5 B. Going to Court A Step-By-Step Guide This is a 13-step guide. It outlines what happens when you are charged with an offence, from being arrested to receiving a verdict and sentencing, and where to go to pursue an appeal. 1. ARREST If you have been charged with a criminal offence, you will have to appear in court to face the charge(s) against you. The police officer who arrested you, or the court, will tell you when and where you must make your first appearance in court. This information may be given to you in a number of different ways. Appearance Notice or Summons You may receive an appearance notice or a summons, likely from a police officer. This document will tell you a time, date, and location that you must appear in court to hear the charge(s) against you. Often, an appearance notice or summons is issued for less serious offences (summary offences), such as theft under $5,000 or common assault. You are required to attend court at the time and in the location listed on the appearance notice or summons. If you do not attend court at this time, a judge may issue a warrant for your arrest, and you could face an additional criminal charge under s. 145 of the Criminal Code for Failure to Attend Court. Promise to Appear and Undertakings For more serious cases, you may receive a promise to appear document, either issued by the police officer who arrested you, or by a judge. Generally, this type of document is issued when the police have a concern that you may commit additional crimes or may not show up for court. Often, the promise to appear is attached to another document, called an undertaking. An undertaking is a promise you make to follow certain conditions before the charges against you are dealt with (either by a trial or by you making a guilty plea). These documents may be issued by a police officer, and you would be required to sign them before being released from the police station. Recognizance and Surety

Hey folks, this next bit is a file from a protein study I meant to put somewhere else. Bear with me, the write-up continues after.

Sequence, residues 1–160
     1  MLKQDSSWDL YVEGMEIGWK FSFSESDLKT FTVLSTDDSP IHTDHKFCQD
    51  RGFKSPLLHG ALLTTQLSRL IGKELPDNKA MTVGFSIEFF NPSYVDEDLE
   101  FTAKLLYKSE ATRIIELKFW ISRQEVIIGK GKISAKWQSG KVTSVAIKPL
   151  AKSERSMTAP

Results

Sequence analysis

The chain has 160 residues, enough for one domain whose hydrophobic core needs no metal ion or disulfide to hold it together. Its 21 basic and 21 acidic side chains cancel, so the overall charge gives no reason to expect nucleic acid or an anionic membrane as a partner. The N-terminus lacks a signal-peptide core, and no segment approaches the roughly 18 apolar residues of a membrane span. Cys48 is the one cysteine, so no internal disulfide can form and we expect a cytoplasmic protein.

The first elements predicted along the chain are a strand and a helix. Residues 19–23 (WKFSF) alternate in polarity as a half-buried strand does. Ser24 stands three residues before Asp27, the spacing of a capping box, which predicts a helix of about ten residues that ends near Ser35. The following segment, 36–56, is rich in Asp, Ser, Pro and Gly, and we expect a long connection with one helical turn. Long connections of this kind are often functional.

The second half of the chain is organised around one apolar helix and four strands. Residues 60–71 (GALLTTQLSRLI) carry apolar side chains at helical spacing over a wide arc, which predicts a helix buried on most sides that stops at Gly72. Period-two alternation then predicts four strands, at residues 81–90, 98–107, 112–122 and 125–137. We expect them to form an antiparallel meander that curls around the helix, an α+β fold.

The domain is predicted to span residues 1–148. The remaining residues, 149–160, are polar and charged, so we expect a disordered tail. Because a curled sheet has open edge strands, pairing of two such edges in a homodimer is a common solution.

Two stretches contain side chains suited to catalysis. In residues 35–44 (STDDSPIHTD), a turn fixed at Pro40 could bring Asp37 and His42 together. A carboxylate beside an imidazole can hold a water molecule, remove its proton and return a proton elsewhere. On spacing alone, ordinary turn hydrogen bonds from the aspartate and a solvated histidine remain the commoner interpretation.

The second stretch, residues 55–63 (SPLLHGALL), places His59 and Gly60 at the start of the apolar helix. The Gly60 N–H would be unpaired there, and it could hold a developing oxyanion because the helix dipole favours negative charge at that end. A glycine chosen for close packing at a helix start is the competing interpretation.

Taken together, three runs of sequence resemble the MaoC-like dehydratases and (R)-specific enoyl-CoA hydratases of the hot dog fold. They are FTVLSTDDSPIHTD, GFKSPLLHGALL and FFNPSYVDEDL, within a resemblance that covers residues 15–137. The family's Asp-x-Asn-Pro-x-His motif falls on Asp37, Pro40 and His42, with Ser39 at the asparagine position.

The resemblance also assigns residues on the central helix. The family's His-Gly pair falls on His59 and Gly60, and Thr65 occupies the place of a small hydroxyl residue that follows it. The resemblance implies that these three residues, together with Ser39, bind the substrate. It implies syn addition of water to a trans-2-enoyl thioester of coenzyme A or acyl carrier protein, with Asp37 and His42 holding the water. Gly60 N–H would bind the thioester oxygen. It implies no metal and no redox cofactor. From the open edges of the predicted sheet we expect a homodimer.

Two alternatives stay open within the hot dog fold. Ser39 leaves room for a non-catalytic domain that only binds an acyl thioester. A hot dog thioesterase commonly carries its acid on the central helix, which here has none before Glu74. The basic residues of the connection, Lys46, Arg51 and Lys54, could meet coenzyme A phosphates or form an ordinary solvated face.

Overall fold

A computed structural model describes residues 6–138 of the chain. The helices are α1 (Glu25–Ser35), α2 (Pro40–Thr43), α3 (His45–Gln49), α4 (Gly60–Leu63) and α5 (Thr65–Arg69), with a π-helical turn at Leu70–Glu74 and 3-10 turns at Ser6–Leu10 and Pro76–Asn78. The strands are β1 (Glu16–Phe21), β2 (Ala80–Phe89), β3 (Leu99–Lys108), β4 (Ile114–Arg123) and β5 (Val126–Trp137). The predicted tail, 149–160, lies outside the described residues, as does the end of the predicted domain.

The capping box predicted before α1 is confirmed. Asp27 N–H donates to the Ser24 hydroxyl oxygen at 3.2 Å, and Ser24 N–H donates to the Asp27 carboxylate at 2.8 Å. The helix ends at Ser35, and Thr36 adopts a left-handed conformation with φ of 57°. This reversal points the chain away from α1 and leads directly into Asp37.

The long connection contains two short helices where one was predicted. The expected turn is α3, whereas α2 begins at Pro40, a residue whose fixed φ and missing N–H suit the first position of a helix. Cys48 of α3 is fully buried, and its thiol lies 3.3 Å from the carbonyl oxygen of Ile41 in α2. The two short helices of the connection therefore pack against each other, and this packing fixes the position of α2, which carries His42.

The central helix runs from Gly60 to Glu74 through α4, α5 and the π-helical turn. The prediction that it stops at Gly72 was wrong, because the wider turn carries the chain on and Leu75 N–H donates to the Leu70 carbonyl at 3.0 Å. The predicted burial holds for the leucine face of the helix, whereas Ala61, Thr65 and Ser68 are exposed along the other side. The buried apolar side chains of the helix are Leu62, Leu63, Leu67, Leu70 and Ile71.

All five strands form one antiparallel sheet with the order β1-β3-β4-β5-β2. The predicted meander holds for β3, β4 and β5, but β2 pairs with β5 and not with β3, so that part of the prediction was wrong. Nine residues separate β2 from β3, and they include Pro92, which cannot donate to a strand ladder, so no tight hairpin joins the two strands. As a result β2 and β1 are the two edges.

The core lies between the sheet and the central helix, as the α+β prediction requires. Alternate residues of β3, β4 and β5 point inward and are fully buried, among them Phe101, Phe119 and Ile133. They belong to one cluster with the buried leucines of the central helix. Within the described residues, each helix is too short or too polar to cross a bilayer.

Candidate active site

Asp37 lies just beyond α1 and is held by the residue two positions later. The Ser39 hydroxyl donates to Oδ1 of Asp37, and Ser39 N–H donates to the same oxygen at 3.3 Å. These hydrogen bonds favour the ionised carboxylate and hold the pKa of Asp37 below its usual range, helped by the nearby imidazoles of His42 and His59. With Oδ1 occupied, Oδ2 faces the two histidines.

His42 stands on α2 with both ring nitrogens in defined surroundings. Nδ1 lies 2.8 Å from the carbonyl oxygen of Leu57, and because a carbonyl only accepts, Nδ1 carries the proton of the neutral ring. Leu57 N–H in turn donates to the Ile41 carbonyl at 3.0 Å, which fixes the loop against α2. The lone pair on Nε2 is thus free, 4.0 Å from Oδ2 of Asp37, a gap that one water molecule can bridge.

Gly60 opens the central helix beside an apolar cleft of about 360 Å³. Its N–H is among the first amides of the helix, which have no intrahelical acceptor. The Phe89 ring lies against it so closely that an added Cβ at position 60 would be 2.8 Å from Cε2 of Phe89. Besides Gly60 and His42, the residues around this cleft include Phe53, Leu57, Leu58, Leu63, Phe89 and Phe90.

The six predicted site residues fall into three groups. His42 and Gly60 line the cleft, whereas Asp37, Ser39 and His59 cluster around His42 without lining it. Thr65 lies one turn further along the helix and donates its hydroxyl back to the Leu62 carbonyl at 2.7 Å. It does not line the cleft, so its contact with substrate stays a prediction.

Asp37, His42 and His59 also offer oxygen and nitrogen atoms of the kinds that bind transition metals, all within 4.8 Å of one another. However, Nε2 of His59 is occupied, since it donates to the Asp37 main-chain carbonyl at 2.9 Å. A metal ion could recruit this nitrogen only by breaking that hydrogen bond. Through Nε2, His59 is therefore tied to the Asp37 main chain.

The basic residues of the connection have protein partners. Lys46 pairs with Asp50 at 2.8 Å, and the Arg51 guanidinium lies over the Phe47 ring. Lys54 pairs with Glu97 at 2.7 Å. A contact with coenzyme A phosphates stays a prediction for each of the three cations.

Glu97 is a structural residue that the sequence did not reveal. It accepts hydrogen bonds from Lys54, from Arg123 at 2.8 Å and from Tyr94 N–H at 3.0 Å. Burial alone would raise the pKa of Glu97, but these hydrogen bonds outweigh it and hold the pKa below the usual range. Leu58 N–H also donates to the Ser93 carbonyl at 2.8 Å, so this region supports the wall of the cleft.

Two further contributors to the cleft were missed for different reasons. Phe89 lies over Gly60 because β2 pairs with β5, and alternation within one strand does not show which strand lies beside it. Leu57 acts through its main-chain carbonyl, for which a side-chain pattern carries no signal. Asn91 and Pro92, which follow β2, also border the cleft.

6 In other situations, you may be kept in custody by the police officer, and then brought before a judge to hear the charges against you. At this time, a judge may issue an undertaking, or a similar document called a recognizance. A recognizance will also require you to follow certain conditions before your trial, but will also likely involve either the deposit or promise of money to the court as a guarantee that you will follow the conditions and come back to court as scheduled. In certain cases, another person will be require to deposit or promise money to the court on your behalf, and that person takes responsibility that you will follow the conditions set by the court. This person is called a surety. Attached to the undertaking or recognizance will also be a promise to appear, with the time, date, and location that you must come back to court. You will be required to sign all of these documents before you will be released from custody. If you refuse to sign any of the documents, you will remain in custody until your trial date. 2. SEEKING LEGAL ADVICE Whether or not you have a lawyer to represent you at a criminal trial, seeking legal advice is always advisable if you have been arrested or charged with a criminal offence. You have the right to speak with a lawyer and receive legal advice from the time you are arrested. The police officer who arrests you must make you aware of this right, and provide you with the opportunity to call a lawyer soon after your arrest (usually after you are transported to the police station). As well, the police officer is required to inform you about Legal Aid. The Legal Aid Commission of Newfoundland and Labrador provides free legal advice for everyone and legal representation for those who qualify. Upon arrest, you must be provided the phone number for a Legal Aid lawyer, who will provide advice over the phone, 24 hours a day. If you wish to seek Legal Aid representation, you may apply at a Legal Aid intake office. The locations of Legal Aid offices across the province are located in the Resources section at the back of this publication.